ANT 324L • Archaeology/History of Slavery in North America
9:00 AM-10:00 AM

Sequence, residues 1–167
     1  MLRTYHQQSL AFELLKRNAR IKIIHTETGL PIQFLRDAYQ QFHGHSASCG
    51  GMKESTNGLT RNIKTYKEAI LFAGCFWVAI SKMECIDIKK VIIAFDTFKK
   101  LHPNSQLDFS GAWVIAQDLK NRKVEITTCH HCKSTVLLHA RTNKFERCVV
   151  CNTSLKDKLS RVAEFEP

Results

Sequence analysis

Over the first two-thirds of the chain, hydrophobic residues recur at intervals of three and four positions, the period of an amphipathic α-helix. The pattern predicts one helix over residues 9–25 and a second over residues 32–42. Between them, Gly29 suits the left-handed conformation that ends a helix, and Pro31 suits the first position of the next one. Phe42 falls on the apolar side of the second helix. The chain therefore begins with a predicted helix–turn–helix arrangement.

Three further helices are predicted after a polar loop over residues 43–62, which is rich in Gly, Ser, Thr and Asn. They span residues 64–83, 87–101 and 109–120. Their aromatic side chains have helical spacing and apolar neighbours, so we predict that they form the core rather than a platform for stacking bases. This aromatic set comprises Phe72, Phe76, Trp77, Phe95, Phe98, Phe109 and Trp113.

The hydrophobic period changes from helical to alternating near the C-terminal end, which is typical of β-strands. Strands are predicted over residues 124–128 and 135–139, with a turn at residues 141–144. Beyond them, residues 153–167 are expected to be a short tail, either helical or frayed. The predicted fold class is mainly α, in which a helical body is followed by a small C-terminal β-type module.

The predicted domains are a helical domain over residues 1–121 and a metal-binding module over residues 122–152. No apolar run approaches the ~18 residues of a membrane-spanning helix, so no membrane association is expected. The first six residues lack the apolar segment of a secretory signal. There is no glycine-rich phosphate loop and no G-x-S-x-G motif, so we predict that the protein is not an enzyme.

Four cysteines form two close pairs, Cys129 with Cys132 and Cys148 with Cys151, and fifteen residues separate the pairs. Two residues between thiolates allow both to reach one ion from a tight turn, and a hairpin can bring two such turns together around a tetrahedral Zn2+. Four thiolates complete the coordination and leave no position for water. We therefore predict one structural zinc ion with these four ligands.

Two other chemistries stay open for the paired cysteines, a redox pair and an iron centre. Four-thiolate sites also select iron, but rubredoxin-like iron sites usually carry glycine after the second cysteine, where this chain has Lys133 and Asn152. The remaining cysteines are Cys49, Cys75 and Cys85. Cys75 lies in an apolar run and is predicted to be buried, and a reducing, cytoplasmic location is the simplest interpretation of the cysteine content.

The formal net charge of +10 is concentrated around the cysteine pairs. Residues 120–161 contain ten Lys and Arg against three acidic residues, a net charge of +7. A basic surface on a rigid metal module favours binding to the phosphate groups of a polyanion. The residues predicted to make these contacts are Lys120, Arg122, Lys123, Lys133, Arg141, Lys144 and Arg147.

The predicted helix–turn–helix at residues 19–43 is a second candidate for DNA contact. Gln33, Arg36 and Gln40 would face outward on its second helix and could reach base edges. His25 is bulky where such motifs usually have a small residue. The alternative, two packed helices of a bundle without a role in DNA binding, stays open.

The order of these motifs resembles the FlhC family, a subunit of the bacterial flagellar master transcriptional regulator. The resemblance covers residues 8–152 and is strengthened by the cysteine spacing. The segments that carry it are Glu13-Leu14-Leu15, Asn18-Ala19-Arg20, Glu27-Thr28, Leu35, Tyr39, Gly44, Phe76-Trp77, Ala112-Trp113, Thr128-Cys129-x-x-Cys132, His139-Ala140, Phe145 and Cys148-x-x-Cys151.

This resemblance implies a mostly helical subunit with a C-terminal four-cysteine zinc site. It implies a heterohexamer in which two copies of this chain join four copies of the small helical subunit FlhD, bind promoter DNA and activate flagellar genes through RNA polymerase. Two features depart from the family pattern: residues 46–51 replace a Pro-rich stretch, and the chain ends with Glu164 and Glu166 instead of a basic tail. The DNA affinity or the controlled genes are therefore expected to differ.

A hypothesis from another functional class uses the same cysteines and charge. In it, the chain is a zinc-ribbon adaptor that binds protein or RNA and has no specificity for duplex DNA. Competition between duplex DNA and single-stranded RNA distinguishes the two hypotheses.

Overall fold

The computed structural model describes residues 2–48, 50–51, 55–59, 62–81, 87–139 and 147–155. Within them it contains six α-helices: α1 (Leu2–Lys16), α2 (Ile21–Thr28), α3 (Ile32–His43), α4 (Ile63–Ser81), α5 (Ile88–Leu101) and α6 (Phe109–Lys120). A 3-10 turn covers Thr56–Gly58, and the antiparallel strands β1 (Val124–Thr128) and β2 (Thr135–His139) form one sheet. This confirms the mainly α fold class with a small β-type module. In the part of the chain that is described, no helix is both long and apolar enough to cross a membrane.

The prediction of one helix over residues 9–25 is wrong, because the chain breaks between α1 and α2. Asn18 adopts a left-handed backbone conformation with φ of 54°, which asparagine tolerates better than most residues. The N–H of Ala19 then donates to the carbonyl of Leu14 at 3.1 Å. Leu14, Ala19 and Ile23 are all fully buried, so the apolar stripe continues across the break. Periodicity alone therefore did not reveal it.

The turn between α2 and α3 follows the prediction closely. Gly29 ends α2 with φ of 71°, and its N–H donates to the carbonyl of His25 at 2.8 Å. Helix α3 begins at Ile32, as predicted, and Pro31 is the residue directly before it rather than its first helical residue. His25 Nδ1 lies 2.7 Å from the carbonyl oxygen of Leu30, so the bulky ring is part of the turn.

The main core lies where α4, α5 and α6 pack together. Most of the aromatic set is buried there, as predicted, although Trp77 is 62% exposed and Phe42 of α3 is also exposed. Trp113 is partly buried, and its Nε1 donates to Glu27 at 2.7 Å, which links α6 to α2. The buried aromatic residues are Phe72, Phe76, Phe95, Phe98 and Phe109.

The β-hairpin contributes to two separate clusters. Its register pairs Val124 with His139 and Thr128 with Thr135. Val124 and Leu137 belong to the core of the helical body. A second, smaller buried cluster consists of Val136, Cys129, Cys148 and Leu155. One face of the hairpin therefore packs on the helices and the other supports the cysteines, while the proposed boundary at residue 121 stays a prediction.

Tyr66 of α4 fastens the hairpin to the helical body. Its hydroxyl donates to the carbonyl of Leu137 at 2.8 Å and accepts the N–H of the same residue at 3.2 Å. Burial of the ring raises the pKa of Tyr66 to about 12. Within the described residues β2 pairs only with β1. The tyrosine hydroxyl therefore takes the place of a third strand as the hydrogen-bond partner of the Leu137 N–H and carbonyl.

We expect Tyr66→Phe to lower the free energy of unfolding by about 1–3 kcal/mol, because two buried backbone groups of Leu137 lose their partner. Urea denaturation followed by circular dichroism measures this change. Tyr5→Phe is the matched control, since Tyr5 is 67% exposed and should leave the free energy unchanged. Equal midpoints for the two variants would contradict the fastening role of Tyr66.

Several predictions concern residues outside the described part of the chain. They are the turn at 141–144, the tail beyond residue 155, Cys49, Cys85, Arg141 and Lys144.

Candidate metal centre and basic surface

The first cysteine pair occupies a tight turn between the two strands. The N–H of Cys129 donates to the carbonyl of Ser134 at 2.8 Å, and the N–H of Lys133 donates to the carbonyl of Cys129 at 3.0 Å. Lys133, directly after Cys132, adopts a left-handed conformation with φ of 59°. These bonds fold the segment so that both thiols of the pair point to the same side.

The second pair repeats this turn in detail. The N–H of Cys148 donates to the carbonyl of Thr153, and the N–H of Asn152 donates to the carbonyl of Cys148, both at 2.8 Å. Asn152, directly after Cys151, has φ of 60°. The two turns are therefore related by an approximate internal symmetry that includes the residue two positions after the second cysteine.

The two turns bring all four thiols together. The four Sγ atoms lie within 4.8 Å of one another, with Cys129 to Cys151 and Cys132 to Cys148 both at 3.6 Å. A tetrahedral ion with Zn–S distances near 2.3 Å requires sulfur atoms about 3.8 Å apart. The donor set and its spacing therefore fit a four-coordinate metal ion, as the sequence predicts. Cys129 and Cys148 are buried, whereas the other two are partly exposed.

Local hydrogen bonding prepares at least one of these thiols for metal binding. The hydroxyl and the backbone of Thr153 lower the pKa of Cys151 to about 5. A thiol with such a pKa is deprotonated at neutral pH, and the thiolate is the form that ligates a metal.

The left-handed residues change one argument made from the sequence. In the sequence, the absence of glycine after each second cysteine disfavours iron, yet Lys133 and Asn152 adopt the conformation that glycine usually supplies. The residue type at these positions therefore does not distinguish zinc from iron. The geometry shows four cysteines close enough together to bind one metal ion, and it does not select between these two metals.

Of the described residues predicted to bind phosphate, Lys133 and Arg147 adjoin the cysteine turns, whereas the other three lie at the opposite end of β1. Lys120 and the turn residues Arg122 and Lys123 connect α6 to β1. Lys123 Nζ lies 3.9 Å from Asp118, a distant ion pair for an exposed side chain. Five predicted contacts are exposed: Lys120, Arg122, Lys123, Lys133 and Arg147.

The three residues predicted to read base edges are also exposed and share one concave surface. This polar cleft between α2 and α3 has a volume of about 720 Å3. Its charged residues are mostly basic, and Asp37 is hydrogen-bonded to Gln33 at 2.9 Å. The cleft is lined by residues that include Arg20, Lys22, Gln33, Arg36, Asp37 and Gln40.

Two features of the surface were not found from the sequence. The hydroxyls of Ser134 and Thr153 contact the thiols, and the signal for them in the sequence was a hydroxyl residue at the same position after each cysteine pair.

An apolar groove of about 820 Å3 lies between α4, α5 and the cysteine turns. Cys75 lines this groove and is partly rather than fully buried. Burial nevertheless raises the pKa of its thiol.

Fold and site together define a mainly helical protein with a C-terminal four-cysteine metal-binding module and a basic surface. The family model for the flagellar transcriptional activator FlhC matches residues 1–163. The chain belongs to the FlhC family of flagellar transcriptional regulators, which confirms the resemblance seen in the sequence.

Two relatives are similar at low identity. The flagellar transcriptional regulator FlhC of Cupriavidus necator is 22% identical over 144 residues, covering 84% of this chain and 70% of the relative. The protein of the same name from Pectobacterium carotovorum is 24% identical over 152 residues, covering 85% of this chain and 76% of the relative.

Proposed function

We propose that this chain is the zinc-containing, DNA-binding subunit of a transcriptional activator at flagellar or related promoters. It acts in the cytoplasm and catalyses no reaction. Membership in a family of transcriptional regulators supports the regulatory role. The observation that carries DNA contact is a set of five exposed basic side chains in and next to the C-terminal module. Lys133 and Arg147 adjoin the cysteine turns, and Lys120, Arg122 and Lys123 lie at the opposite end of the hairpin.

This course is a comparative survey of the institution of slavery on the American mainland (with some discussion of the Caribbean) from the era of seventeenth-century European colonialism through the antebellum period. We will begin by exploring Portuguese, French, Dutch, British and Spanish colonizing efforts in the Americas, and their varying roles in the trans-Atlantic slave trade. The class proceeds with discussions of the Middle Passage, and the development of plantation societies. While plantation economies will be covered, the emphasis will be on issues related to society, culture, and identity formation, particularly amongst the enslaved. Thus, the course will cover the daily life experiences of enslaved peoples within a variety of sociohistorical contexts marked by relations of domination and resistance. Through historical and archaeological evidence, one begins, however, to understand that there existed no monolithic enslaved experience. Rather, a diversity of experiences, and a range of cultural and social institutions characterized enslaved life. The issue of identity formation is central here: race, as a social construct, was variously instituted and negotiated under different colonial powers, but nonetheless served as a powerful marker in slave societies. We will, therefore, consider racial formation from a comparative perspective.